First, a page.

Victoria University Press accounts for six of the 16 books on the Ockham shortlist. The wonder is that they don’t account for more. No room for Bill Manhire’s elegiac Wow in the poetry category. Manhire is so esteemed and so iconic that he has a building named after him, and perhaps the judges couldn’t see the poet for the building; it kind of gets in the way. No room, either, for Brian Easton’s mammoth history, Not in Narrow Seas: The Economic History of Aotearoa New Zealand. Instead, there’s room for the rather more modest history, Te Hāhi Mihinare |The Māori Anglican Church by Hirini Kaa. Hm.

Time to judge the judges for their wokeness. Poetry category convenor of judges Dr Briar Wood: “The four shortlisted collections are striking, all exhibiting an acute global consciousness in difficult times.” Points out of 10 for wokeness:  9 (“acute global consciousness”).

Fiction category convenor of judges Kiran Dass: “Craft, nuance, urgent storytelling, rage against injustice, and new perspectives are at the forefront of these four impressive books.”  Points out of 10 for wokeness: 7 (“rage against injustice”).

General Non-Fiction category convenor of judges Sarah Shieff: “These four books, each in its own way an extraordinary achievement in the category’s defining parameters of story-telling, research and memory work, will enrich the conversations we have about ourselves and this place for years to come.” Points out of 10 for wokeness: 10 (“enrich the conversations we have about ourselves”, also it was really long-winded, a hallmark of every wokester ever).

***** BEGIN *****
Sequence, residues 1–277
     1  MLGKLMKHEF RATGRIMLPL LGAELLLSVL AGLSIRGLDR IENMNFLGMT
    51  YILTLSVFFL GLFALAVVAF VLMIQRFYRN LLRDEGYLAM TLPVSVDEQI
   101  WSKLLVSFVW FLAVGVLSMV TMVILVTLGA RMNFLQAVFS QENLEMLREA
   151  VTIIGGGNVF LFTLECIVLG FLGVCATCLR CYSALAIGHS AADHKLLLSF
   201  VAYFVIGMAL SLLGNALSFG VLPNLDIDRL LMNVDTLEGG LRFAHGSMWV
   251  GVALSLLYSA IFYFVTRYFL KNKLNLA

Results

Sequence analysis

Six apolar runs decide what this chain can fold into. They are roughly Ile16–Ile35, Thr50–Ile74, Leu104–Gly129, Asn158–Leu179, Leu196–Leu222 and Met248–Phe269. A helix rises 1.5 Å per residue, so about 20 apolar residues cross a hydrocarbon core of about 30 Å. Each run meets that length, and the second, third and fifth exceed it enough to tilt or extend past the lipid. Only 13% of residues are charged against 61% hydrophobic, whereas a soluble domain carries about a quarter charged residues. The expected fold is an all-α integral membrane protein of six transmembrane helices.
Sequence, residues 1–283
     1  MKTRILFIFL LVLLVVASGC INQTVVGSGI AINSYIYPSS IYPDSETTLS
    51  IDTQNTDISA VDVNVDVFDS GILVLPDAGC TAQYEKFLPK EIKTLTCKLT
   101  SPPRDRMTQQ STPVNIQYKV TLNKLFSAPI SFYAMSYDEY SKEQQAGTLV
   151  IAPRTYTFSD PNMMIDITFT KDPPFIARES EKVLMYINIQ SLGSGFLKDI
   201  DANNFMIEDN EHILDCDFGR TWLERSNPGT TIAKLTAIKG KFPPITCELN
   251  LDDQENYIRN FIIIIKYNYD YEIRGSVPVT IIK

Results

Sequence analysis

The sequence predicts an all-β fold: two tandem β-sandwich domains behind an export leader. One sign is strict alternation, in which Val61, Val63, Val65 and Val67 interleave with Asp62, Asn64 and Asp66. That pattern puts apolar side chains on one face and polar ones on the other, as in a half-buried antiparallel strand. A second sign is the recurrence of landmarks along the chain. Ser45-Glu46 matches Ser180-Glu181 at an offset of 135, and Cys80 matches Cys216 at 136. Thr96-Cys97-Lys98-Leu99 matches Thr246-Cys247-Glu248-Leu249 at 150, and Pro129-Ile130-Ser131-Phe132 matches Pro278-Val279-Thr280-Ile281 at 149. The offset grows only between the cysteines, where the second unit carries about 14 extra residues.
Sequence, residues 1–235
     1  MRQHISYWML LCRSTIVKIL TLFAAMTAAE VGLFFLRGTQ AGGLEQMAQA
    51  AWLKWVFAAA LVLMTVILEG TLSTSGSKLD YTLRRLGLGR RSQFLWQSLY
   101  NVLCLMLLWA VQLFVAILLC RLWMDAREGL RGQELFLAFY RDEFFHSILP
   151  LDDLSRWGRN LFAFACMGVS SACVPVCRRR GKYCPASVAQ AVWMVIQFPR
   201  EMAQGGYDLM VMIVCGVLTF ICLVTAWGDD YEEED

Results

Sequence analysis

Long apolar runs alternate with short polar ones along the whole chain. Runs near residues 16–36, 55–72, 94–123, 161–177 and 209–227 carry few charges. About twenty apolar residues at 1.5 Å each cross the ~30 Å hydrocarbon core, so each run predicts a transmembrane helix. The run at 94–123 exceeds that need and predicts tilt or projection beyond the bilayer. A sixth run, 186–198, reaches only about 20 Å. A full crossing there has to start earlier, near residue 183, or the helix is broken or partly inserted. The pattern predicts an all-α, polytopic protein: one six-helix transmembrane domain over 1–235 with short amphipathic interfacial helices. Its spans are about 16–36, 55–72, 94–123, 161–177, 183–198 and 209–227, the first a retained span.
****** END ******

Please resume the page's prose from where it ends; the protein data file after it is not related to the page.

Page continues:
Illustrated non-fiction category convener Dale Cousens: “The four finalists are standout examples of a dazzlingly broad range of passions, from the arts and sciences to food, adventure and the outdoors, distilled into beautiful and engaging works.”  Points out of 10 for wokeness: zero. It’s also the only category without a single woke thing about it.

The shortlist is as follows. One asterix marks the book I think will win, two asterixes marks the book I hope will win, and you should be able to make out what three asterixes mean.


Bug Week & Other Stories by Airini Beautrais (Victoria University Press)

Nothing to See by Pip Adam (Victoria University Press)**

Remote Sympathy by Catherine Chidgey (Victoria University Press)

Sprigs by Brannavan Gnanalingam (Lawrence & Gibson)*


Funkhaus by Hinemoana Baker (Victoria University Press)

Magnolia 木蘭 by Nina Mingya Powles (Seraph Press) *

National Anthem by Mohamed Hassan (Dead Bird Books)

The Savage Coloniser Book by Tusiata Avia (Victoria University Press)**


An Exquisite Legacy: The Life and Work of New Zealand Naturalist G.V. Hudson by George Gibbs (Potton & Burton)

Hiakai: Modern Māori Cuisine by Monique Fiso (Godwit, Penguin Random House)

Marti Friedlander: Portraits of the Artists by Leonard Bell (Auckland University Press)

Nature — Stilled by Jane Ussher (Te Papa Press)***


Specimen: Personal Essays by Madison Hamill (Victoria University Press)**

Te Hāhi Mihinare |The Māori Anglican Church by Hirini Kaa (Bridget Williams Books)

The Dark is Light Enough: Ralph Hotere A Biographical Portrait by Vincent O’Sullivan (Penguin, Penguin Random House)

This Pākehā Life: An Unsettled Memoir by Alison Jones (Bridget Williams Books)*

The awards will be held on May 12 unless lockdown.

Steve Braunias is the literary editor of Newsroom's books section ReadingRoom, a noted writer at the NZ Herald, and the author of 10 books.